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Colonel Theodore Lyman, With Grant and Meade from the Wilderness to Appomattox (ed. George R. Agassiz) 296 0 Browse Search
The Photographic History of The Civil War: in ten volumes, Thousands of Scenes Photographed 1861-65, with Text by many Special Authorities, Volume 10: The Armies and the Leaders. (ed. Francis Trevelyan Miller) 153 3 Browse Search
Robert Stiles, Four years under Marse Robert 118 0 Browse Search
The Photographic History of The Civil War: in ten volumes, Thousands of Scenes Photographed 1861-65, with Text by many Special Authorities, Volume 9: Poetry and Eloquence. (ed. Francis Trevelyan Miller) 62 0 Browse Search
Harper's Encyclopedia of United States History (ed. Benson Lossing) 46 4 Browse Search
Mary Thacher Higginson, Thomas Wentworth Higginson: the story of his life 6 0 Browse Search
Cambridge History of American Literature: volume 3 (ed. Trent, William Peterfield, 1862-1939., Erskine, John, 1879-1951., Sherman, Stuart Pratt, 1881-1926., Van Doren, Carl, 1885-1950.) 2 0 Browse Search
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Browsing named entities in Robert Stiles, Four years under Marse Robert. You can also browse the collection for Ulysses Simpson Grant or search for Ulysses Simpson Grant in all documents.

Your search returned 59 results in 9 document sections:

Robert Stiles, Four years under Marse Robert, Chapter 11: religious life of Lee's Army (search)
sent word down the line to me. As soon as our guns were disengaged I galloped to the hospital to see him; but when I arrived he was under the knife, his elbow being in process of resection, and, of course, was unconscious. My recollection is that I saw him but for a moment only. Much as I would have given for even so little as one word from him, I could not possibly wait, but was obliged to return to my post. I never saw him again. As usual, after one of these death grapples of 1864, Grant slipped off to his left and we to our right, this time too far for me to get back. In a few days we heard that Mr. Owen was in Richmond and then that he had been sent home, and our hopes grew bright that he would ultimately recover. But no; he was never really a strong man; indeed he was one of the few small and slight men I remember in the entire brigade, and, besides, he was worn and wasted with his ceaseless labors. He never really rallied, but in a short time sank and passed away. F
Robert Stiles, Four years under Marse Robert, Chapter 14: from the Rappahannock to the Potomac (search)
ensive. He never allowed his adversary quietly to mature and uninterruptedly to adhere to and carry out his own plan of campaign. Although conducting a defensive struggle, he was yet generally the attacking party. It was so in the Seven Days battles with Mc-Clellan, so in the Manassas campaign with Pope and the Maryland campaign that followed. It was so at Chancellorsville. And even in 1864, after the resources and fighting strength of the Confederacy had been so fearfully reduced, when Grant entered the Wilderness, Lee immediately pressed in after him and closed with him in a death grapple in the very heart of the jungle. But perhaps the most perfect instance and illustration of this characteristic feature of Lee's strategy and tactics, and of the real significance of his two invasions of Northern territory, is what occurred after Chancellorsville. When Hooker retired across the Rappahannock and reoccupied his former position it would manifestly have been little short of ma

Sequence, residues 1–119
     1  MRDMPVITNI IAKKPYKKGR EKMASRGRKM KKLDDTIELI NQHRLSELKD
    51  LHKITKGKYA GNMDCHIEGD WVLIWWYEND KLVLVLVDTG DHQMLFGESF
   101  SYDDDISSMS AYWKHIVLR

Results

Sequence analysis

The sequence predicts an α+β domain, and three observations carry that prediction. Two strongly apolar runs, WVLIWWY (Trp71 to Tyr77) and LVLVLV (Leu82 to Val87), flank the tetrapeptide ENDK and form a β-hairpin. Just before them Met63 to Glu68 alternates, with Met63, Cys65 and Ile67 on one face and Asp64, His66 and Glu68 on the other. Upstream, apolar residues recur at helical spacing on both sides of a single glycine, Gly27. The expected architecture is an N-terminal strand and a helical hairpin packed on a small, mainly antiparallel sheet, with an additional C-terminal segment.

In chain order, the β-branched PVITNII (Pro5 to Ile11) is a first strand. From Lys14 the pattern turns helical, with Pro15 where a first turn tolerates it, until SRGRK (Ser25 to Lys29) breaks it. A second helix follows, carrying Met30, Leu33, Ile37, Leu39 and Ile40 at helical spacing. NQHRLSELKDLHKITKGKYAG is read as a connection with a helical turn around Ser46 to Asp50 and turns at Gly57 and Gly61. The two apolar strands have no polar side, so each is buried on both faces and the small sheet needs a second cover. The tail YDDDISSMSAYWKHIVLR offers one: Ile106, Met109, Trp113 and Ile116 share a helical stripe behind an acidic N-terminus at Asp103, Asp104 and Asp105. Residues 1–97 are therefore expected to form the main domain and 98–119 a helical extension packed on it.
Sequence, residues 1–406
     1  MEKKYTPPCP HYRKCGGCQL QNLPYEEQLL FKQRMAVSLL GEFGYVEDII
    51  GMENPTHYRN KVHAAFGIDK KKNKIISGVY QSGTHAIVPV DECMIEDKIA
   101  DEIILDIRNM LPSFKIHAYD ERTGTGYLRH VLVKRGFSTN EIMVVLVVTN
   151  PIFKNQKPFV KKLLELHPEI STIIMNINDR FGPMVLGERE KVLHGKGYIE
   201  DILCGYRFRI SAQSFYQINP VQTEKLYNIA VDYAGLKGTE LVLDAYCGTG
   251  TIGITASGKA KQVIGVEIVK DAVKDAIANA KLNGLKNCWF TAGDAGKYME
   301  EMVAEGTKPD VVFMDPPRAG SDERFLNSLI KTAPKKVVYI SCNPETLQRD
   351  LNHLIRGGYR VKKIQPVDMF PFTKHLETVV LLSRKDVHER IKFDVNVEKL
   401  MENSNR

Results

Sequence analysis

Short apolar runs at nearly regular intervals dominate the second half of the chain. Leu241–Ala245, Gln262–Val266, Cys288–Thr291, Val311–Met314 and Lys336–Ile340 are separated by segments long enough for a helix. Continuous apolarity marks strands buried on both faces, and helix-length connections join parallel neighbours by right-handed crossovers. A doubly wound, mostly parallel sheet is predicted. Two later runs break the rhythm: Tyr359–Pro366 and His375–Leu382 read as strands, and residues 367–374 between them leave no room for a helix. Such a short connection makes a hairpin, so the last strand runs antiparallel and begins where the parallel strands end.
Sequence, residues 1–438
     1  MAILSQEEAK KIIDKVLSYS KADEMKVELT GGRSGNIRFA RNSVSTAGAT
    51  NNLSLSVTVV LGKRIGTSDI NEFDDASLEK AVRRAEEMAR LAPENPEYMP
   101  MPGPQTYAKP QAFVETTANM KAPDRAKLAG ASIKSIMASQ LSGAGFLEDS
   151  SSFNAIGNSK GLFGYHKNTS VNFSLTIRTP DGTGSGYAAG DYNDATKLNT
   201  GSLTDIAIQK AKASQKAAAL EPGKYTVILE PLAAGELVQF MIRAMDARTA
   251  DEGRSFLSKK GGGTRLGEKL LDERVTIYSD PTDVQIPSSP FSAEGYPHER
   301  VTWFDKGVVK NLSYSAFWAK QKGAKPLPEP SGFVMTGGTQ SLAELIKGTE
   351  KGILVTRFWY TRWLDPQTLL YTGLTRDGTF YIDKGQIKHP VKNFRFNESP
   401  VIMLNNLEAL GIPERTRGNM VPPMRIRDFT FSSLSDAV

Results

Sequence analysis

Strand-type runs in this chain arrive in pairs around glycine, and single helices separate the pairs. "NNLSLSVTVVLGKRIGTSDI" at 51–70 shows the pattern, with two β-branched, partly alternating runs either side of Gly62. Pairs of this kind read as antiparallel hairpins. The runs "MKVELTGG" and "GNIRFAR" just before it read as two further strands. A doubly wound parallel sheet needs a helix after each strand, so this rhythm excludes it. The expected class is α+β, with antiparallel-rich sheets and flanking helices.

Robert Stiles, Four years under Marse Robert, Chapter 18: Campaign of 1864-the Wilderness (search)
r 18: Campaign of 1864-the Wilderness Grant his rough chivalry his imperturbable grit hsuggested his applying, by field telegraph, to Grant for leave to go to Richmond to ascertain the tgh he made earnest efforts to do so. As to Grant's grit and determination, all his predecessorsons, everyone else seemed to be shattered; but Grant deliberately removed his cigar from his mouth,of this scheme, and these also were settled by Grant, as we understood at the time, before he wouldut upon this basis, such as it is, we all felt Grant's power, and I for one am willing tb admit hisacceptance of the gage of battle flung down by Grant, his daring and unexpected attack upon him in and fall back upon an inner line was just what Grant desired and expected Lee to do, and would have been in exact furtherance of Grant's plans. In this instance, as usual, Lee's audacity meant the lderness, but except perhaps upon the basis of Grant's mathematical theory of attrition, the Confed[3 more...]
Robert Stiles, Four years under Marse Robert, Chapter 20: from Spottsylvania to Cold Harbor (search)
like two Coursers, side by side, for the next goal Grant waiting for reinforcements Lee seriously Indisposed18th, what might perhaps be termed a genuine attack, Grant, on the evening of the 20th, slid off toward Bowlingh Anna would have had a very different termination. Grant ran great risk in taking his army to the southern bad withdrew, Does he never, never sleep? Again General Grant slid to the east, and we moved off upon a paralls a furlough hollow! We almost began to hope that Grant had gotten enough. Even his apparent, yes, real, suup long ago. Was he about to do so? The fact is, Grant was waiting for reinforcements. He had been heavily hands to each other. When they clasped hands, then Grant would attack once more; would make his great final effort. When and where would it be? When Grant slid away from Lee at Atlee's, we felt satisfied that he wasipated battle on the 3d, as it really occurred. General Grant in his memoirs says in express terms, The 2d of